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Converting to Black & White and adding Selective color

March 17, 2011 1 comment

©2011 Tony D. Locke, MM

For artistic variation in your photographs, you can remove some or all of the color from an image, which in effect, removes some of the reality too.

In this tutorial, which I also just taught in my latest workshop, I’m going to show you not only how to artistically remove color from a photograph to create a stunning B&W, but as a bonus, you’re going to be shown how to selectively add back in some that color too.

Many of you may already know these tricks, or at least parts of them. Don’t worry, there’s always something new, so if you’re looking to learn more–Read on…

Now, not all photographs will look as nice when converted to B&W, which is why you should always shoot in color and convert to B&W in Photoshop… Just in case.  When you set your camera to B&W, you not only have lost control over how the shades of grey from dark black to pure white will be treated, you won’t have a color version to enjoy in case the image doesn’t look so good in B&W.

So, as many of you that have experimented around Photoshop know, the quickest and easiest way to make a B&W image is to just convert it to a plain ‘ole Grayscale. Select Image > Mode > Grayscale. Done. It’s not the most creative way, as again, you have no control over the conversion. What’s makes things worse, this function also tends to make images look flat & boring. The only reason I even mention it is, it’s a quick easy way to see if what your image might look like in B&W. Otherwise, just forget it and immediately hit your keyboard shortcut for Undo: Cmd/Ctrl Z!

Just like so many other things I’ve taught you, if there’s one way to do something in Photoshop, there’s probably at least 3 – 5 other ways to do the same thing. This is no different. For today, as most of you are probably using Photoshop Elements, we’ll stick with some of the simpler methods first, then move onto some fun & unusual way of doing things. For those of you on CS3-CS5, follow along too, as these tricks will still work for you too, but there’s one extra tool I’ll show you that will only work on CS3 and above.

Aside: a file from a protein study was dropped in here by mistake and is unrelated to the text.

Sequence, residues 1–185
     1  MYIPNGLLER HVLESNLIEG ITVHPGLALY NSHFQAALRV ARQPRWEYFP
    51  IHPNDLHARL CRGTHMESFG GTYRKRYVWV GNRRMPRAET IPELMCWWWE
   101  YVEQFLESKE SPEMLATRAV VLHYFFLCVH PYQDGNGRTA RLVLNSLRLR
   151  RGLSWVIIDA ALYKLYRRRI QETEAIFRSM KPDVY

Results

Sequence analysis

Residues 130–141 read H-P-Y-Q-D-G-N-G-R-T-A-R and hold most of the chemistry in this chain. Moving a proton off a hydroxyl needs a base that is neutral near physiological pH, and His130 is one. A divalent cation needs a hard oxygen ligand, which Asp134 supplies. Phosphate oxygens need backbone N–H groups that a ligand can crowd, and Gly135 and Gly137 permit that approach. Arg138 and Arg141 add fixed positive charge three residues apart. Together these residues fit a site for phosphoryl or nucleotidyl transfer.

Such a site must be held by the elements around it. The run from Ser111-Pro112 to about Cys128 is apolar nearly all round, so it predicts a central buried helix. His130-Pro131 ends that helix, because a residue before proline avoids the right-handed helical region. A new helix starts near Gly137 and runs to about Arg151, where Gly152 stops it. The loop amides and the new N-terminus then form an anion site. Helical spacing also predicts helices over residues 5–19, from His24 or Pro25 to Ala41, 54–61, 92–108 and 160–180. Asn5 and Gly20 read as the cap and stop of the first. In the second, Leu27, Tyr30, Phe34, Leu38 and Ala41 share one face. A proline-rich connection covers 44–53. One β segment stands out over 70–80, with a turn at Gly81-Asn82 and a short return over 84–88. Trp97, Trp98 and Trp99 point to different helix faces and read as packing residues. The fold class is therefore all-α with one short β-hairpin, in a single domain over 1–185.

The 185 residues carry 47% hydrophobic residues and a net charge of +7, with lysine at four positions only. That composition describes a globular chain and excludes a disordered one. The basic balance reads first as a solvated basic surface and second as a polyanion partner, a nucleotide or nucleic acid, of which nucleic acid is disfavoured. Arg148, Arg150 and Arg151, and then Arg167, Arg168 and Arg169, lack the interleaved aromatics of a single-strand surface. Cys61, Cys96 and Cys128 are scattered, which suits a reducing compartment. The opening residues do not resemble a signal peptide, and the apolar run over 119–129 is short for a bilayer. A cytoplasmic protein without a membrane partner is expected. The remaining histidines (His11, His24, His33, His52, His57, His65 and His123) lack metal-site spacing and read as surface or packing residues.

So, let’s begin having some fun with your photo. Starting with the #2 basic way that a lot of people use to convert to B&W in Photoshop Elements, which makes it easy and provides some nice tools – Go to Enhance>Convert to Black & White. Up pops this next window. Photoshop’s going to do an auto-convert, showing a before and after image. If you’d like, you can click on each of the presets along the bottom left to try some other B&W effects. From there you can also play with the sliders to the right to lighten and darken each color range to provide a nice B&W. Wasn’t that fun!

Read more…

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